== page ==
For this course, you’ll be using the latest stable version of Python available which is currently Python 3.9.
You’ll be using VS Code throughout the class to provide a consistent experience for all students. Once the course is over, feel free to go back to the editor of your choice to continue on your Python adventure.
If you’re used to keybindings in a different editor, you can set up a keymaps extension in VS Code to match what you’re used to.
Download Visual Studio Code Python Extension for Visual Studio Code
To make sure you have all the prerequisites properly installed:
Download and run the above installer. Be sure to select “Add Python 3.9 to PATH” on the first screen, and select Install Now.
On the last page of the Python 3 installer, select “Disable Path Limit” before hitting close.
Close the installer.
From the Windows menu, search for PowerShell and right-click to Run as Administrator.
In the PowerShell window, type:
> Set-ExecutionPolicy -ExecutionPolicy RemoteSigned
Enter Y for Yes.
In your open PowerShell window, type:
> py -3.9
This should open a REPL window with a prompt.
exit() followed by Enter to exit this screen and go back to your prompt, or use the keyboard shortcut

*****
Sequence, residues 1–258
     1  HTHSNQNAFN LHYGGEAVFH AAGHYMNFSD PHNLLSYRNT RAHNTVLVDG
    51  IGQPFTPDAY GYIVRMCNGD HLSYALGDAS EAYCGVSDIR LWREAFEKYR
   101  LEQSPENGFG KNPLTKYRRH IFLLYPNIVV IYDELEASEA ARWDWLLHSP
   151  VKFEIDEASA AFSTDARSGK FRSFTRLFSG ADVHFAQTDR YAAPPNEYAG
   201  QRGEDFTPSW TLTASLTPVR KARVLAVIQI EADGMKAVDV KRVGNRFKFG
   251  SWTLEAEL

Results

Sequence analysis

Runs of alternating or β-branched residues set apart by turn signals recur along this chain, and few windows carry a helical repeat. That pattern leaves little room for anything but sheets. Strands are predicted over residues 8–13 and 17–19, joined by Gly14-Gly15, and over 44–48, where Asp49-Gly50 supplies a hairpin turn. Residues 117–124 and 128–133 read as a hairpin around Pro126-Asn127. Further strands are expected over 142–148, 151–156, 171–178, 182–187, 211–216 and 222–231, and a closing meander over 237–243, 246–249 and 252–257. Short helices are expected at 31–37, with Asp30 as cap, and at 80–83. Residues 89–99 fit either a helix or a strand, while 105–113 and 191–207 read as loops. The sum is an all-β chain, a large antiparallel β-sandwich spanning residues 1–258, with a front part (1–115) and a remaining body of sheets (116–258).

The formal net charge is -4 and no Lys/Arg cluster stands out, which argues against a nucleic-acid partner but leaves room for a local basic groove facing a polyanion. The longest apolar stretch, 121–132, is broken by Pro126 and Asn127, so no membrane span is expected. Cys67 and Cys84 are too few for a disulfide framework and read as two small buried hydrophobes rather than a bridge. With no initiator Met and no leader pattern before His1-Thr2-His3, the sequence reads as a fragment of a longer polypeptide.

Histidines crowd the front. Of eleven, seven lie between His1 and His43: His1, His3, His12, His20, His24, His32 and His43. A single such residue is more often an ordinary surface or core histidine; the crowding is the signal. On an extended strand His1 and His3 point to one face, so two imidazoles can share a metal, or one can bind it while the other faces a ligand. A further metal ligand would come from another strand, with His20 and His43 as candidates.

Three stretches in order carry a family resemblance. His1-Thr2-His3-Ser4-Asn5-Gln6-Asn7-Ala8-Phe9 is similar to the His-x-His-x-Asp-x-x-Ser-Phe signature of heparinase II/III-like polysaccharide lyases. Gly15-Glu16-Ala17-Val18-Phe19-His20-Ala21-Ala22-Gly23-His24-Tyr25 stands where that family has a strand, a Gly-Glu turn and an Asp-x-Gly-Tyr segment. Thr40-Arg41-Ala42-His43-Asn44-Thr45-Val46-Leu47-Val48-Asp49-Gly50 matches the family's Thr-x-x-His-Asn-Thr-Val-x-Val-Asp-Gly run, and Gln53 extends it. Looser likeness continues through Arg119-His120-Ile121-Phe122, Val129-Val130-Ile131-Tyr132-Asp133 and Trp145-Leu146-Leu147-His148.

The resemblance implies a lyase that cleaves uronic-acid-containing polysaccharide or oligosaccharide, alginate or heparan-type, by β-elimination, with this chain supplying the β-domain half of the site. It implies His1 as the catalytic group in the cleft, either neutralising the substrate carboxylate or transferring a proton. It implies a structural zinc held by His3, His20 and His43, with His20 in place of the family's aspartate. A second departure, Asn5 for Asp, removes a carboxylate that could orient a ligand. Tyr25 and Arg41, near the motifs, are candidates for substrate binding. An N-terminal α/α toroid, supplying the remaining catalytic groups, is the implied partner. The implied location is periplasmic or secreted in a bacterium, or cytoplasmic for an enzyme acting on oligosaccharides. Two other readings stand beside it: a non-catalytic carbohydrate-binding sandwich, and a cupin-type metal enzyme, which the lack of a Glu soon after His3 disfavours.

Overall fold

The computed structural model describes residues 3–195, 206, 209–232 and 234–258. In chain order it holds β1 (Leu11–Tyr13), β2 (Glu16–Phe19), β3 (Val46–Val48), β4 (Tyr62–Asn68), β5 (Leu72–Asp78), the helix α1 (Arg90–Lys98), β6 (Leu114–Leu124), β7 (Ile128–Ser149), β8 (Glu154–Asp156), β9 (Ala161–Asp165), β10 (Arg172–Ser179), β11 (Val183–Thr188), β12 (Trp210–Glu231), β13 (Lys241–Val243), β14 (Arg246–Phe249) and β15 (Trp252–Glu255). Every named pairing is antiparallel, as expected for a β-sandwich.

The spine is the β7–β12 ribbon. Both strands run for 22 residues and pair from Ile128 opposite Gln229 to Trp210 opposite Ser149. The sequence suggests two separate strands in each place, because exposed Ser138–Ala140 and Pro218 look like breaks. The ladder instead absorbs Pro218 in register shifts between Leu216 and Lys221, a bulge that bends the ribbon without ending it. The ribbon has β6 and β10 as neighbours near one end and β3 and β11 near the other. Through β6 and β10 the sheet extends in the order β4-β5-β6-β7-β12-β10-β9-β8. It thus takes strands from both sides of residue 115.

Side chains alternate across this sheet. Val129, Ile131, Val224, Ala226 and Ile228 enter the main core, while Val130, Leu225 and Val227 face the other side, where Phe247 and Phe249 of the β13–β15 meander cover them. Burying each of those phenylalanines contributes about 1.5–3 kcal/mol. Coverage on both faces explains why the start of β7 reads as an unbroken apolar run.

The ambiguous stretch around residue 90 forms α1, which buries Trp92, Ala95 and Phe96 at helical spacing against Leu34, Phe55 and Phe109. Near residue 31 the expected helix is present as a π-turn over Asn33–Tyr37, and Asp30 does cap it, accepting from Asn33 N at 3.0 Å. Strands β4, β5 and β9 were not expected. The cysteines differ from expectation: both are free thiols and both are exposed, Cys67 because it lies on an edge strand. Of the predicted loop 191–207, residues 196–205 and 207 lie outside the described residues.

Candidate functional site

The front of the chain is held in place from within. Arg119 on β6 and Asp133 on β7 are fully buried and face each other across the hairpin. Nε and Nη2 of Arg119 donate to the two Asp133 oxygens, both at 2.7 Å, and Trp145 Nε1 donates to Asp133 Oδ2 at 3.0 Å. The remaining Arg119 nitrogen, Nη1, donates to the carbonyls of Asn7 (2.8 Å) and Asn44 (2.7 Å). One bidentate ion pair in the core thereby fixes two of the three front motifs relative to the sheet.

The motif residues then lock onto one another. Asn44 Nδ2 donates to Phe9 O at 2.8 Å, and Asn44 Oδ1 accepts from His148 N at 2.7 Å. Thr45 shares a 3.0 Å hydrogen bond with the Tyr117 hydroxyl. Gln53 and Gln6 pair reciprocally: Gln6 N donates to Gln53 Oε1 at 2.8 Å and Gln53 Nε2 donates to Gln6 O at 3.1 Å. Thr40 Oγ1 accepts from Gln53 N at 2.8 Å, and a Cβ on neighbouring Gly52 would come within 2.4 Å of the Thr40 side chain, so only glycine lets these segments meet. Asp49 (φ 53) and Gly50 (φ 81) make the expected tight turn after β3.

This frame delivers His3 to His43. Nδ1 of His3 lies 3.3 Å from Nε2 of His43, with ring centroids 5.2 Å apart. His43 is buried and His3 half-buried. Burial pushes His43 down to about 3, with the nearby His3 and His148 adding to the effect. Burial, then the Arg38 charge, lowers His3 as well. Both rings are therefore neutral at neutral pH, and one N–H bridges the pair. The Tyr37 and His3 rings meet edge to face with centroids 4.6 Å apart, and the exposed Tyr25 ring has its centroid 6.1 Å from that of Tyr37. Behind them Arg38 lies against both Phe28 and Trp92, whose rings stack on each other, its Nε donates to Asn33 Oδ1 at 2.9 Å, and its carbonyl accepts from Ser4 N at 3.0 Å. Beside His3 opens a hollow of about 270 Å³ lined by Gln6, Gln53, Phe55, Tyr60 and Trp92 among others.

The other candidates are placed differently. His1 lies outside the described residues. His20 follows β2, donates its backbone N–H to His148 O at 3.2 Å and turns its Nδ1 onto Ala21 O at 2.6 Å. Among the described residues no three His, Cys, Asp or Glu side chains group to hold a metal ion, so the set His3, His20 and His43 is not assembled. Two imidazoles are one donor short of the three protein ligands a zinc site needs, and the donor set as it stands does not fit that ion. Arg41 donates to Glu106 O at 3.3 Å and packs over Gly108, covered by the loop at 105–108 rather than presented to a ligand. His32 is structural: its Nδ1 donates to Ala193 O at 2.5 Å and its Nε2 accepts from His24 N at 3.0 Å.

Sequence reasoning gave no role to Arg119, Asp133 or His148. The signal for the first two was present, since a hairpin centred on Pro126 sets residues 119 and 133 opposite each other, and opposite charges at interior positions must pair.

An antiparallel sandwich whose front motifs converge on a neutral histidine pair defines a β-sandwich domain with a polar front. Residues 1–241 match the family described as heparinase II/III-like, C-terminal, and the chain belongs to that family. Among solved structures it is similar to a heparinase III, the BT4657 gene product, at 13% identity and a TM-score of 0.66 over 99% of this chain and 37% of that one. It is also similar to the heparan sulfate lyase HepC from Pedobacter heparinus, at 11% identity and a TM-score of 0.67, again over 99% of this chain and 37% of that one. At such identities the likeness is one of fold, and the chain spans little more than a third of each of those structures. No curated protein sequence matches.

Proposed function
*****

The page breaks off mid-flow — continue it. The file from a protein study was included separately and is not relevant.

Ctrl+Z and press Enter.
A Virtual Environments in Python is a self-contained directory that contains a Python installation for a particular version of Python.
It’s a very useful way to make sure that we’re using the right Python version when we’re working on a particular project.
Let’s create a project directory and a Python 3.9 Virtual Environment.
Using the same PowerShell terminal from earlier, type the following commands in one by one:
> cd $home > mkdir pyworkshop > cd pyworkshop > py -3.9 -m venv env > .\env\Scripts\Activate
Your prompt should now look like this, but with your own username.
(env) PS C:\Users\nina\pyworkshop>
Next, upgrade pip, the Python package installer to the latest version.
python -m pip install --upgrade pip
env\Scripts\Activate is how you activate your virtual environment in Windows. You’ll want to do that each time you enter this Python project directory from a new shell.
You are expected to work from this project folder for the duration of the class, with an activated virtual environment.
If something is not working, please make sure that you’re in the correct project directory with an activated virtual environment.
Look for VS Code in your Applications, or type the following in your terminal.
> code --version
You should see something like:
1.49.0 e790b931385d72cf5669fcefc51cdf65990efa5d x64
If you don’t see VS Code, please follow the instructions for installing VS Code again.